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Agreement in principle expected in Brookhaven-LIPA tax dispute

The deal would gradually reduce the amount of taxes Brookhaven charges the utility for the Port Jefferson power plant.

On Tuesday, Brookhaven Supervisor Edward Romaine is expected

On Tuesday, Brookhaven Supervisor Edward Romaine is expected to announce an agreement with LIPA regarding taxes for the Port Jefferson power plant. Photo Credit: Composite: Randee Daddona; John Paraskevas

Brookhaven Town was expected to announce Tuesday that it has reached an agreement in principle with LIPA to gradually reduce the $32.6 million in annual taxes it charges the utility for the Port Jefferson power plant.

It would be the first settlement of four tax challenges filed by LIPA over the $176 million it pays in taxes for National Grid-owned plants. LIPA has argued that for aging plants that are used less and less each year, they are 90 percent overassessed.

Brookhaven Supervisor Ed Romaine was expected to announce the tentative agreement Tuesday in his state-of-the-town address. It was expected to include an eight-year ramp-down of the $32.6 million a year LIPA pays in lieu of taxes for the plant, which operated just 11 percent of the time in 2016. The ramp-down period is expected to begin in the 2018-2019 tax year, with incremental reductions in tax payments over the eight years.

Romaine declined to detail how the taxes will be reduced for the plant over that time, but called the amount “substantial.” Previous proposals had put the reduction at around 50 percent over that period.

“I’ve wanted to settle this from the day I came into office,” Romaine said, adding that he has long felt taxes on the plant were “out of whack.”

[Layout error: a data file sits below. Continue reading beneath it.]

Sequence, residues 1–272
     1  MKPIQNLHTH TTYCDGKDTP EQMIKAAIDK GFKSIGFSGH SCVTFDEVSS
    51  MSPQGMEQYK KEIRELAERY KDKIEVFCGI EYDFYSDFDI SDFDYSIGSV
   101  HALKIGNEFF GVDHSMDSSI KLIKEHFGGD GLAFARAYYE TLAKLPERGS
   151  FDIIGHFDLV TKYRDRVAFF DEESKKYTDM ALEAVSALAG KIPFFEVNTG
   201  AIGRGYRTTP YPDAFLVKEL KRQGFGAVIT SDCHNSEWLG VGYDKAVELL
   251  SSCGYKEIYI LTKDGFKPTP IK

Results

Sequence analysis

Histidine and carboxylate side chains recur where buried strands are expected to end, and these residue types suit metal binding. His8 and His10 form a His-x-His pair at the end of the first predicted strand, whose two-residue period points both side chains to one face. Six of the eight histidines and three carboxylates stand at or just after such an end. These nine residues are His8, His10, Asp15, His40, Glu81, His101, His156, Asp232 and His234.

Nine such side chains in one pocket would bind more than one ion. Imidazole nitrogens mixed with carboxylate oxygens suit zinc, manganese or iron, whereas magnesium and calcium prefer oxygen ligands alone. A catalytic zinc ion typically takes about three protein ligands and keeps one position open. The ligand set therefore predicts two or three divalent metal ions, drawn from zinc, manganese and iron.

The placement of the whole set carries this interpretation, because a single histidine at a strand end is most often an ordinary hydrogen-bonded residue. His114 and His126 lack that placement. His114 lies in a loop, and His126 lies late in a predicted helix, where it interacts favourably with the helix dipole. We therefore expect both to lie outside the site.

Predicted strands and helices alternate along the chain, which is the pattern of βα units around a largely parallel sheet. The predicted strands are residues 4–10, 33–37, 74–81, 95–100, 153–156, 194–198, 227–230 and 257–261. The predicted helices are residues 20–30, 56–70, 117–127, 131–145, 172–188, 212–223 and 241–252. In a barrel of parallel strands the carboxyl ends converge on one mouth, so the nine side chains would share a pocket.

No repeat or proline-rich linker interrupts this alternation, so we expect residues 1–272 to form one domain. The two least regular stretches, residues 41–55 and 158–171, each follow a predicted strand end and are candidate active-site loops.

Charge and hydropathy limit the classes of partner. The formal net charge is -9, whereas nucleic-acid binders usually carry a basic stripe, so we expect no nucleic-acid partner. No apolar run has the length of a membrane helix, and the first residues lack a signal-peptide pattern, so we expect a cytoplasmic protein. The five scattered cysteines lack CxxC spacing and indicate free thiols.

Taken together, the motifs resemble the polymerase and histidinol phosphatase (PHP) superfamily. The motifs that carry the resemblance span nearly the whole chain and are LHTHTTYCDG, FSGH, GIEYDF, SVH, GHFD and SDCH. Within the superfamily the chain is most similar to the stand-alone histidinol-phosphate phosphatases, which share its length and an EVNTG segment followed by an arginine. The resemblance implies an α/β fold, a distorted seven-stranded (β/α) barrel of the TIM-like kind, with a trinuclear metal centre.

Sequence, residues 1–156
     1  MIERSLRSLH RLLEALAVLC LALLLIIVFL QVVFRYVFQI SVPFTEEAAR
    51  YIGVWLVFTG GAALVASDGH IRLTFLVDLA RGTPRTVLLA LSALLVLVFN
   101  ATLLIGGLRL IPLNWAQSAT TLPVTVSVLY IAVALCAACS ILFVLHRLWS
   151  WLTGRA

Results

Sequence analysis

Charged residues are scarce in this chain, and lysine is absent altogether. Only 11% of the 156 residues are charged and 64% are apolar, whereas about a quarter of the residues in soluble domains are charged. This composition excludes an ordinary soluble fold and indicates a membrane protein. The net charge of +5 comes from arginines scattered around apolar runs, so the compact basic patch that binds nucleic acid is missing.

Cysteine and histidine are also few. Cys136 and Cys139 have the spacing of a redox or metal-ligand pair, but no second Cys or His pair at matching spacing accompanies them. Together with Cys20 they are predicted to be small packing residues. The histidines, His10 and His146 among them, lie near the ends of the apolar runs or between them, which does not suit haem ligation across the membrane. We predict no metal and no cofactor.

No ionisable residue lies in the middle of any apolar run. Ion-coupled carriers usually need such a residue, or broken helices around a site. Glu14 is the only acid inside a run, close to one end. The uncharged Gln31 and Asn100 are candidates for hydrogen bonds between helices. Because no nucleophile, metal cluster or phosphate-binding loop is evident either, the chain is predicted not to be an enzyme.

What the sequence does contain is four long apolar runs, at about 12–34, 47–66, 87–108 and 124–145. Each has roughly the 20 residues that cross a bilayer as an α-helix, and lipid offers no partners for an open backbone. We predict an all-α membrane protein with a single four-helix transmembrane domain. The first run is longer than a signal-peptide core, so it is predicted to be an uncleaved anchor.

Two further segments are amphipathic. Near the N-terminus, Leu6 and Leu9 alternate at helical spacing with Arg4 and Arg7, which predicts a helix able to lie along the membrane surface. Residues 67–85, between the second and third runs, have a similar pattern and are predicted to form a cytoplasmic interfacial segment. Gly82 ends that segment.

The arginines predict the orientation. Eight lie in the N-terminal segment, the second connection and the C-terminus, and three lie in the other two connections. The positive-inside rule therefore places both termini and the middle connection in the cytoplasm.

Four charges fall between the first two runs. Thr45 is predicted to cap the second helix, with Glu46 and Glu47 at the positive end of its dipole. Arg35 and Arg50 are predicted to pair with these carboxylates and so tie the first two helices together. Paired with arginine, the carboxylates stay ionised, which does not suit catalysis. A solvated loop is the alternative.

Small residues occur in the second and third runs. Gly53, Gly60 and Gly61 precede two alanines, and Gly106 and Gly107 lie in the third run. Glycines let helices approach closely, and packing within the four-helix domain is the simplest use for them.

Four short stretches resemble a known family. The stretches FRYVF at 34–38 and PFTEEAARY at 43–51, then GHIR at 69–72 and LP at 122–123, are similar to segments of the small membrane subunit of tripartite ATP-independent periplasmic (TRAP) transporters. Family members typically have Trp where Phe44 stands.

LIPA said in a statement it “continues to engage in productive settlement discussions with the town and we hope to reach a final agreement.”

He said the agreement includes an assurance that the reduced taxes will “will go directly to the LIPA ratepayers in the form of lower electric bills.”

Most of National Grid’s large Long Island plants have been used substantially less in recent years. LIPA has turned to undersea power cables and the newer Caithness power plant in Yaphank for a larger percentage of energy, as well as green-energy sources. LIPA pays just under $10 million in annual taxes for the Caithness plant, which is also in Brookhaven.

By avoiding a trial, the tentative deal means Brookhaven won’t face the prospect of a hefty back-tax repayment on the plant were LIPA to win its challenge, which was brought in 2010. LIPA has contended the past overpayments amount to more than $200 million for Port Jefferson alone.

The deal “puts an end to the uncertainty over the course of nine years, and gives finality to this,” Romaine said.

Other municipalities that host National Grid plants, including Northport, Island Park and Glenwood Landing, are reported to be continuing to negotiate the matter. The case involving the Northport plant and Huntington Town, for which National Grid pays $80 million in annual taxes, is scheduled to go to trial in June.

The biggest impact of the Brookhaven reduction will be felt by the Port Jefferson School District, which gets around 40 percent of its budget from the tax payments. Only around 8 percent of the $32.6 million annual payment for the plant goes to the town, and Romaine said the town is making plans to make up for the shortfall.

“We have tax reserve funds that will be used to offset this,” he said. “I don’t believe it will have a big impact on the town per se. It may on other taxing jurisdictions.”

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